When the high school in the East Texas community of New London in Rusk County exploded from a natural gas leak on March 18, 1937, killing nearly 300 students and teachers it naturally made headlines all over the world. And of course in the Athens Review where the headline in the Athens Weekly Review of March 25, 1937 described one effect: “Tragedy at New London Touches County Families” and then the reporter described those local connections.

One of these was Miss Ruby Reed, age 16, daughter of a Eustace barber, who was staying with her aunt and uncle as she attended school in New London. Another was 11 year old Mary Francis Bennett whose uncle was an Athens school employee. Also, two other victims were known locally because their family members were connected to sports. This was Miss Queenie Price, whose brother Bud was known locally as a football game referee and Louis Waller, whose brother “Red” was local football coach and Malakoff merchant.

In one case Athens officials were able to assist Dallas resident P.G. Dalton who was on his way to New London to identify his nieces who had died in the accident. He was so upset that Sheriff Jess Sweeten asked local Constable Jack Terrell to take him to Tyler.

Doctors and nurses from all over Texas also headed to New London but upon arrival found that many others had the same idea and there were enough medical personnel on site.  

However, some local residents had good news and this was the case for the LaRue area parents of Miss Genevieve Langham, a music teacher at the school. Reports came that she was not a victim since she had left the building before the blast.  

Also, local resident Mrs. J.T. (Bobo) Nelson was relieved to hear that her brother, who she thought was at New London, was actually teaching in another city.

The New London area had become prosperous in 1930 when an oil strike provided new jobs and opportunities. The nearby oil fields also brought other advantages and when the new high school was erected in 1932 the school board took advantage of this.

The school building was constructed on a slope, so it had an enclosed air space, sometimes called a sub-basement underneath. Usually a building like this was heated with a natural gas fired boiler and steam distribution system. But in 1937 the school board decided to save money and have plumbers access a direct gas line that was operated by the Parade Gasoline Company.  At the time when natural gas was considered a waste product and was flared off, this would be inexpensive but questionable tactic. Also, the colorless and odorless natural gas had a tendency to leak and this had occurred just before the blast. Some students had reported headaches, but nothing was done.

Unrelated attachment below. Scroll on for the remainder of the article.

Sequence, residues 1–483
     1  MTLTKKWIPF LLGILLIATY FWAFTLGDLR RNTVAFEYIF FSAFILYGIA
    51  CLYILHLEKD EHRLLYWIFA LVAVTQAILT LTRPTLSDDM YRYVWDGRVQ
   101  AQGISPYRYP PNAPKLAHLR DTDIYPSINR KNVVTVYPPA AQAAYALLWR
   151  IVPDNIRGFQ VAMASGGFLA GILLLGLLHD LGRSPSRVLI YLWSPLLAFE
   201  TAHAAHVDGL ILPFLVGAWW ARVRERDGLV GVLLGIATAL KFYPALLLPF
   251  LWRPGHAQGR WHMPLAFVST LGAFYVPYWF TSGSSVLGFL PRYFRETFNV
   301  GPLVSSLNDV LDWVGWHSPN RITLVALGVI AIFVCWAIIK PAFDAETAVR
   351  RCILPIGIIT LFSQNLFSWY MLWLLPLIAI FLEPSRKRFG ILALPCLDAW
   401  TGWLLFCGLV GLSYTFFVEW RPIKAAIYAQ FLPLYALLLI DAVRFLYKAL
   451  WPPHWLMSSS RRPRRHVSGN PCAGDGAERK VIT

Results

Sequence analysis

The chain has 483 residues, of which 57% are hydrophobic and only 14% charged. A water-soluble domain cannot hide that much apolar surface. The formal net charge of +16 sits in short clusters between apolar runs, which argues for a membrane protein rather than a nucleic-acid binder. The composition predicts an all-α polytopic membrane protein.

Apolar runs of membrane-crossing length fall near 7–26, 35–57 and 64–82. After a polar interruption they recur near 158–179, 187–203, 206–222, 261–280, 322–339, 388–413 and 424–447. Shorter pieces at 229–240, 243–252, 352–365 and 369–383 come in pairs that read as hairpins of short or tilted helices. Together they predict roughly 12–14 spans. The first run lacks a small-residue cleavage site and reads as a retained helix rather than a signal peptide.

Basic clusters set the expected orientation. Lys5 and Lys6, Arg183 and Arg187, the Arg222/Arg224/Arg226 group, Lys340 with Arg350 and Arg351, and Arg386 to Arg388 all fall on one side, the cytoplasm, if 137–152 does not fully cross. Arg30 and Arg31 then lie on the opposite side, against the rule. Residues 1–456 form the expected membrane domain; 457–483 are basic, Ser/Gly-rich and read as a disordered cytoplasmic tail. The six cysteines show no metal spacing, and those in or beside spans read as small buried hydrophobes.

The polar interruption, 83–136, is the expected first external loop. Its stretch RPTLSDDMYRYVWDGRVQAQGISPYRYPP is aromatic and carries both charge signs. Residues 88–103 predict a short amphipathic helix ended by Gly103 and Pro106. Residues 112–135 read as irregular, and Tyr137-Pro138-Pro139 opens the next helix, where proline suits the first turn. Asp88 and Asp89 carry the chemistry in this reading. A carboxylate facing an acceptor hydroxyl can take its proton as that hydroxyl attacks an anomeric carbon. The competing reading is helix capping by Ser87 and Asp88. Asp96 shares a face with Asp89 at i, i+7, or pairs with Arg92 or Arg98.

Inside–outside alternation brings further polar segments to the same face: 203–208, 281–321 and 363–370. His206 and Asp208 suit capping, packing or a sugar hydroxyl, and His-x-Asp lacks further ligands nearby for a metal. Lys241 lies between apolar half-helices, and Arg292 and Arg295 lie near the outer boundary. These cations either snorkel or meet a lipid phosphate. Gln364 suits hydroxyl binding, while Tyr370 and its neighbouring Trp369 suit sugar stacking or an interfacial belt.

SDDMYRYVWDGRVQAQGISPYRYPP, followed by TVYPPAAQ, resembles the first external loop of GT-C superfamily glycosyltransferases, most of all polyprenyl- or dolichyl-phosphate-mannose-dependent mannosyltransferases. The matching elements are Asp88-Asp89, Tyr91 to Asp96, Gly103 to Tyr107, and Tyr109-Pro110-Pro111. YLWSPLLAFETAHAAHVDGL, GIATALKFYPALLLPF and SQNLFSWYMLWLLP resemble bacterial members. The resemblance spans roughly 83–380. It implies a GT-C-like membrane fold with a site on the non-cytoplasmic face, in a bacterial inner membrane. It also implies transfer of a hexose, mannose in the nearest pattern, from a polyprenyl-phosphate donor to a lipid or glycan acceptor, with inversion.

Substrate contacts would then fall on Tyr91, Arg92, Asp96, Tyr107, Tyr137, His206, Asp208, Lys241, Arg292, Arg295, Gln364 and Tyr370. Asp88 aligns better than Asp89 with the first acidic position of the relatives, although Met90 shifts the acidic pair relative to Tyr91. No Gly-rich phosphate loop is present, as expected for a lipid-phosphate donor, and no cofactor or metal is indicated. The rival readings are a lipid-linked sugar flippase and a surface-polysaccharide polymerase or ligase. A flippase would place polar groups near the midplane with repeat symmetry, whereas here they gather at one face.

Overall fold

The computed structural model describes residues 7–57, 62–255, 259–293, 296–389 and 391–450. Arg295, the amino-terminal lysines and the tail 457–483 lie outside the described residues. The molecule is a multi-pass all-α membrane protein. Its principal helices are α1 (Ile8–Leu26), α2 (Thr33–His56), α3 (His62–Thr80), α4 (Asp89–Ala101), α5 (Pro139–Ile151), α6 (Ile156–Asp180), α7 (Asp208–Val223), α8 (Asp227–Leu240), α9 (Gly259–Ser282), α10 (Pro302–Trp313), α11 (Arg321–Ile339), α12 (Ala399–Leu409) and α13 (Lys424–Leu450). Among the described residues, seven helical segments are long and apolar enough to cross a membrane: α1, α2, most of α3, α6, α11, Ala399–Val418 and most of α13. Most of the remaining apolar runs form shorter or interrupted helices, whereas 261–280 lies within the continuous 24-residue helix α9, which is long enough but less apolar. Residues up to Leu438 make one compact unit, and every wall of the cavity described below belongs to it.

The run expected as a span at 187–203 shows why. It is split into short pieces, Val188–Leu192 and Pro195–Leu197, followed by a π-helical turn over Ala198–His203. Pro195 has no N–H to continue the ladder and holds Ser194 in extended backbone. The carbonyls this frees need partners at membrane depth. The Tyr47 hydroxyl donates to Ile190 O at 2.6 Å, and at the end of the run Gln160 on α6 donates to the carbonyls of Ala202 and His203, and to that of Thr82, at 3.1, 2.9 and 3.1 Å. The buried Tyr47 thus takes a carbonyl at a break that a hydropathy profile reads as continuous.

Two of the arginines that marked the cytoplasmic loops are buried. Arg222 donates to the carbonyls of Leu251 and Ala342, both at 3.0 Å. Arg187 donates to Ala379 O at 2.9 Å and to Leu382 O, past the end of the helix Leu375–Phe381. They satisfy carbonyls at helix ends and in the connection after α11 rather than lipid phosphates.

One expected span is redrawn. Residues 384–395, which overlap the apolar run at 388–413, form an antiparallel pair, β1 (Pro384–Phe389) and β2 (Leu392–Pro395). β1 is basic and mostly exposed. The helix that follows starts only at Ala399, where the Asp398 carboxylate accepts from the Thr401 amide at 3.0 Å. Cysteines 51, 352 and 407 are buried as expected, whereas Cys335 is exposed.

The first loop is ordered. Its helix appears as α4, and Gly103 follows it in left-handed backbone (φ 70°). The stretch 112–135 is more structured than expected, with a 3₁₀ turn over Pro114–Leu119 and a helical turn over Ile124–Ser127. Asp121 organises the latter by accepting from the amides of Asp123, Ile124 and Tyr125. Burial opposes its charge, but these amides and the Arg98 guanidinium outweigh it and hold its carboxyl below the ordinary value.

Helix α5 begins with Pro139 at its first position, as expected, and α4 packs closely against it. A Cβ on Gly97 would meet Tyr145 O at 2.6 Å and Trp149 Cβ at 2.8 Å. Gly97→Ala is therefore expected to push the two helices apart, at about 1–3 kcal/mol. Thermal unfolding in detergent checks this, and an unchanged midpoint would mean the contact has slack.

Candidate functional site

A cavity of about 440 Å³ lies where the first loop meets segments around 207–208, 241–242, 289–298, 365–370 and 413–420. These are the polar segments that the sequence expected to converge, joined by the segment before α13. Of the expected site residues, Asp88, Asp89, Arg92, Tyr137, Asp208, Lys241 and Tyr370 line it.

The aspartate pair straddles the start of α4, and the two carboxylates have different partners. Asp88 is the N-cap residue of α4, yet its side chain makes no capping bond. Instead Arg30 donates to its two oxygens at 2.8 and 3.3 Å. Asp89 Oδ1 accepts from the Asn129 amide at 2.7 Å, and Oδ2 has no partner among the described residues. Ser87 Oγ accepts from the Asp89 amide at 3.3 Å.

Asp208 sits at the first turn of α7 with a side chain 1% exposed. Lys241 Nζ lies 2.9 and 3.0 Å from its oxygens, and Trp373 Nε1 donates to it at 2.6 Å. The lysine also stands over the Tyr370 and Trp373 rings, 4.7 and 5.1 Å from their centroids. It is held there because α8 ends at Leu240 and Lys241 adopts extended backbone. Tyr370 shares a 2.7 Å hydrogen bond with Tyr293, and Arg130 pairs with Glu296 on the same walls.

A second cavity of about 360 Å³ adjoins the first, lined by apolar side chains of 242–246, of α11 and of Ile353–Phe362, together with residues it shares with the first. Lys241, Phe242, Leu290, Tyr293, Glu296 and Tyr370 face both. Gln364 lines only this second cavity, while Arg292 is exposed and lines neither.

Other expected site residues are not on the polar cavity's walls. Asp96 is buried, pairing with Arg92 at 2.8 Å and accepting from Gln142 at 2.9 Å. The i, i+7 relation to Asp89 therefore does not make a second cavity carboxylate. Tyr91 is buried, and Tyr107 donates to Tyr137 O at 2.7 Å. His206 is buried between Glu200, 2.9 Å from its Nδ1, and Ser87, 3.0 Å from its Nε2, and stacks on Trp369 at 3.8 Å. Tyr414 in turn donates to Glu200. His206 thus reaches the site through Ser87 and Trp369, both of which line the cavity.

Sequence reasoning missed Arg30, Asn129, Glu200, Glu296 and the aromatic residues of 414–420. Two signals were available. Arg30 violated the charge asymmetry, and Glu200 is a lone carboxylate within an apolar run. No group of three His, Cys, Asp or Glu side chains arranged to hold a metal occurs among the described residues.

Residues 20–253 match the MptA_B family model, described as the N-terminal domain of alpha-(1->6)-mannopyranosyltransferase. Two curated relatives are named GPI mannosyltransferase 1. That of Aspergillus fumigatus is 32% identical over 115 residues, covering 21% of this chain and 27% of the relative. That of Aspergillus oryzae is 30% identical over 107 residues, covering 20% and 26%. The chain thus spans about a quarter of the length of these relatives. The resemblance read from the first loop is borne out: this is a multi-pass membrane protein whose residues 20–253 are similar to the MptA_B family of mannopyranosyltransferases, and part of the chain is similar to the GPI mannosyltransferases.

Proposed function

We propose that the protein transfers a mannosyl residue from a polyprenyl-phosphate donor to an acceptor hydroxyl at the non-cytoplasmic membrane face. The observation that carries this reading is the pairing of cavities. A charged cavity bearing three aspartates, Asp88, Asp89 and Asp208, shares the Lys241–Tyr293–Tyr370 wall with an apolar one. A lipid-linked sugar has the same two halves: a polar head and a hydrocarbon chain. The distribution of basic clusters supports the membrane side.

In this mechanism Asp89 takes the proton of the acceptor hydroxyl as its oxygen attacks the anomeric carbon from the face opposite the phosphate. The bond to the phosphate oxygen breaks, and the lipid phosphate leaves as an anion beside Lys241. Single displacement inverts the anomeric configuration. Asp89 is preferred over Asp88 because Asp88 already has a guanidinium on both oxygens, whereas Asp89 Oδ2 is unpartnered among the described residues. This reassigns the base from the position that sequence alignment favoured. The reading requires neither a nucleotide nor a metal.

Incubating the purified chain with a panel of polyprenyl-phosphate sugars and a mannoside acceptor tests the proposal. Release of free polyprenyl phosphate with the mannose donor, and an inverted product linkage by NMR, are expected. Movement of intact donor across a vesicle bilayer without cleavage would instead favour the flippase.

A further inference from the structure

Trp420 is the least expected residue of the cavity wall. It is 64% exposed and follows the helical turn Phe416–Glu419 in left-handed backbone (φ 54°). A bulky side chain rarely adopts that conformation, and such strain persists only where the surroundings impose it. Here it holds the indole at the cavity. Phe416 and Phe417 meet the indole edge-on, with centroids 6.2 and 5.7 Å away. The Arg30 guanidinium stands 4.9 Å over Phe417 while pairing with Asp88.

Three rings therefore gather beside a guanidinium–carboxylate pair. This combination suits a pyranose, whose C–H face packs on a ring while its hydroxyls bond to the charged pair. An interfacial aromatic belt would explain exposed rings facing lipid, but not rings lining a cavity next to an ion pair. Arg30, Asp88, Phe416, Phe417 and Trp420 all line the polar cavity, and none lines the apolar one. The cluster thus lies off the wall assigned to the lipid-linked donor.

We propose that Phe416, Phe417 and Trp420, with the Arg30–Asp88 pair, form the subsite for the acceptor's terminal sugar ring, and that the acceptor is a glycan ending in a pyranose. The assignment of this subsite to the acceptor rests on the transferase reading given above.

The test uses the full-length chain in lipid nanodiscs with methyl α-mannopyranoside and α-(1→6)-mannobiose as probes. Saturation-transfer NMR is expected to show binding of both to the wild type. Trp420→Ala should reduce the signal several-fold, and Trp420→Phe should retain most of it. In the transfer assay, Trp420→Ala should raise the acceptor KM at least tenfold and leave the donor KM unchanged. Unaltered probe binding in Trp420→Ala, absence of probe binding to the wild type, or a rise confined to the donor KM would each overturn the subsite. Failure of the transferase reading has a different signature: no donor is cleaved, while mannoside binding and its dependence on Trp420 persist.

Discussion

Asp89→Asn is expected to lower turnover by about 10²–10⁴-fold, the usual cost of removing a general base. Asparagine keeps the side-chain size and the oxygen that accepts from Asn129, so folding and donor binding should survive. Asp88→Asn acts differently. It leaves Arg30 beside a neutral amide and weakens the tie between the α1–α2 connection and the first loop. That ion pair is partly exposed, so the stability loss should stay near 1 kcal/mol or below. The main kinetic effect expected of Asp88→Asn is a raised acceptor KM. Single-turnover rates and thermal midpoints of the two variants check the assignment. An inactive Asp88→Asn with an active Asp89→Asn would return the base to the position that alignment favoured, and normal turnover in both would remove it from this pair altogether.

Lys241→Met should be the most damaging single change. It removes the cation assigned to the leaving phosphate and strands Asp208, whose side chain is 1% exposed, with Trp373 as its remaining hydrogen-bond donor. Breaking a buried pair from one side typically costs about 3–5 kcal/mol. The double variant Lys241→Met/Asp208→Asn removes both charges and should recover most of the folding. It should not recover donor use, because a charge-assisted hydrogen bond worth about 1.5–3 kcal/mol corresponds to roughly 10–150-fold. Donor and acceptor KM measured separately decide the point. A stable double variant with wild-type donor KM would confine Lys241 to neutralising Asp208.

On Thursday, March 18 the younger children were released early in New London, leaving more than 500 older students and their teachers in class. Then about 3:30 a shop instructor turned on an electric sander, there was a spark, and the collected gas/air mixture in the sub-basement exploded.

Witnesses reported that the initial explosion bulged out the walls and propelled the roof up, crashing it back down, collapsing the main wing.

The sound of the explosion, heard some four miles away, attracted locals who began to dig in the rubble and remove victims – both living and dead. Also, oil field roughnecks raced to the scene, and brought with them the heavy equipment necessary to remove the steel and concrete.

There was a great deal of confusion at the impromptu morgue that was quickly established, and so accurate numbers of victims could not be accurately determined. Also, it was possible that some parents had found their children and removed them, without reporting what they had done. In addition, because of the nature of the injuries, many bodies were unidentifiable.

Almost immediately the Texas legislature passed a measure requiring that an odor causing substance be added to natural gas thus making leaks readily detectable.  Soon this policy became more widespread.

Later sources labeled the tragedy as the third deadliest Texas disaster, after the 1900 Galveston hurricane and the 1947 ship explosions in Texas City.  However, despite these designations, to all the families it was personal because of the loss of their loved ones.






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